Both countries agreed a new height of 8,848.86 metres (29,032ft) – a slight increase on Nepal’s previous figure but adding more than four metres to the height China previously accepted for the peak.
The new height was agreed after surveyors were sent by China and Nepal to their respective sides of the mountain in 2019 and 2020.
Debate over the actual height of the peak has intensified in recent years over concerns that it might have shrunk after a major earthquake in 2015. Disagreements have also focused on whether snow covering the summit should be included.
Nepal previously measured Everest's height as 8,848 metres, while China put it at 8,844.43 metres because it did not include the snow cap.
Wrangling over the exact height of the mountain, named after George Everest, a former surveyor general of India, has kept survey teams busy for decades.
The figure of 8,848 metres became widely accepted following an expedition by Indian officials in the 1950s. That number was used by cartographers until the late 1990s, despite conflicting surveys in the intervening decades, including in 1987 when Italian experts recorded a height of 8,872 metres.
An American survey in 1999 used GPS technology to settle on 8,850 metres, with a two metre margin of error, a height that became widely recognised.
Then in 2005 a Chinese expedition determined the “rock height” of the mountain as 8,844.43 metres – a figure Nepal shunned in favour of a slightly taller “snow height”.
The new agreement puts an end to the dispute between the two countries whose border runs across Everest’s summit point.
Chinese leader Xi Jinping said the two sides were committed to jointly protecting the environment around Everest and cooperating in scientific research.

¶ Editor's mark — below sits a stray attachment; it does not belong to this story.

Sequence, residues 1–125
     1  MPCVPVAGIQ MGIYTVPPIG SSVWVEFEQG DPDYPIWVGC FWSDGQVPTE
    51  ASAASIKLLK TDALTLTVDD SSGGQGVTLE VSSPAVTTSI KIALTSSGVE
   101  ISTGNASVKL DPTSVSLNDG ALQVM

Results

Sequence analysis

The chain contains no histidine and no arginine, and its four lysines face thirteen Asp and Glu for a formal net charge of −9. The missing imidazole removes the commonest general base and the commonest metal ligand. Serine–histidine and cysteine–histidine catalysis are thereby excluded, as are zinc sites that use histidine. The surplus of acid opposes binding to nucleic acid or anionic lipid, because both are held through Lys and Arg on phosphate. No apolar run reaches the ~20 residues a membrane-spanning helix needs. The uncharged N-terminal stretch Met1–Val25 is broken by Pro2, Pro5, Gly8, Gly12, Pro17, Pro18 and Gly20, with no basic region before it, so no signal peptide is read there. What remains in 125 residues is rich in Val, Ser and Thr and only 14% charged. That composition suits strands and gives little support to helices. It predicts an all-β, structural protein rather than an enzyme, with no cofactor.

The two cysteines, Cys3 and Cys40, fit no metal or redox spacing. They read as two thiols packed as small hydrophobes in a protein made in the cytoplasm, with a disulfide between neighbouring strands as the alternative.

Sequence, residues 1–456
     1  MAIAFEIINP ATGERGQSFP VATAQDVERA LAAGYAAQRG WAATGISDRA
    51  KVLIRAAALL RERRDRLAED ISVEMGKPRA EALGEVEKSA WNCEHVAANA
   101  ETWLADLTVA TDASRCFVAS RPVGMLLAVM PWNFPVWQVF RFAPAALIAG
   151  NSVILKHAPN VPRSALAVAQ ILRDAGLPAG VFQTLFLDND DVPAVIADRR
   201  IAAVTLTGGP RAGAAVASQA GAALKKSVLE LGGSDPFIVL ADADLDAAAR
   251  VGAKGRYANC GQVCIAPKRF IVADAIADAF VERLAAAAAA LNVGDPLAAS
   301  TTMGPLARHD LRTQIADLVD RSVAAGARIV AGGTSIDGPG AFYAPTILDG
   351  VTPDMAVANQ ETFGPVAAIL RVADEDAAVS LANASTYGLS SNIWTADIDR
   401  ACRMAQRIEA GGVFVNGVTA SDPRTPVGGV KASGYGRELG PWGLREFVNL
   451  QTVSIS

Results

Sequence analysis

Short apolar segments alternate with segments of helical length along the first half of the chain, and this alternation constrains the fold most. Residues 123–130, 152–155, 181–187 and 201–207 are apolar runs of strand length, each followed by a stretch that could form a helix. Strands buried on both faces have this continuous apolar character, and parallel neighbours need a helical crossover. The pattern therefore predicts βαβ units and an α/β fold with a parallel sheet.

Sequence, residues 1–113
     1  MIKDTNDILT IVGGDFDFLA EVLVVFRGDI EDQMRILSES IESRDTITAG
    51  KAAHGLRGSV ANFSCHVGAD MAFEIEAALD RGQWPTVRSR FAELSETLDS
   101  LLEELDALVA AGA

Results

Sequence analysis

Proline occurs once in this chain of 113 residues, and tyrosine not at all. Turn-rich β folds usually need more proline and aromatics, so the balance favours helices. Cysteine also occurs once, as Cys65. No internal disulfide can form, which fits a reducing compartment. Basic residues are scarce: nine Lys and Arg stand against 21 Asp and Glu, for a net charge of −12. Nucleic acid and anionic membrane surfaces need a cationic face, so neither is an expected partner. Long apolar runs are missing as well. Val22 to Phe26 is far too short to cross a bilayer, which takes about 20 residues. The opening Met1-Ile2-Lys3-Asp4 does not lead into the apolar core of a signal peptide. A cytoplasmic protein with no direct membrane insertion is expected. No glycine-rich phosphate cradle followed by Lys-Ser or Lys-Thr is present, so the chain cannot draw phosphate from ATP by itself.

It is not just the height of Mount Everest that has apparently changed over the years – its shape has altered, too.
In 2017, a British mountaineer reported that a cliff face described as the last major obstacle on the main route to the summit had collapsed, potentially making it even more dangerous for climbers trying to reach the world’s highest peak.
The Hillary Step, named after Sir Edmund Hillary, who made the first ascent with Tenzing Norgay in 1953, is believed to have collapsed during the 2015 earthquake.
Located on the southeast ridge, the 12-metre rocky outcrop was known to be the most technically difficult part of main route on the Nepalese side.
Mountaineers had suspected the quake had altered the cliff but heavy snow made it difficult to assess to what extent it had changed.
Everest is the world’s highest mountain only in terms of distance from sea level. The peak which rises the tallest into space from Earth’s centre is Ecuador’s Chimborazo.
Hawaii’s Mauna Kea is a taller than both from top to bottom – but since much of it is under the sea, it does not count in official highest mountain tallies.
Join our commenting forum
Join thought-provoking conversations, follow other Independent readers and see their replies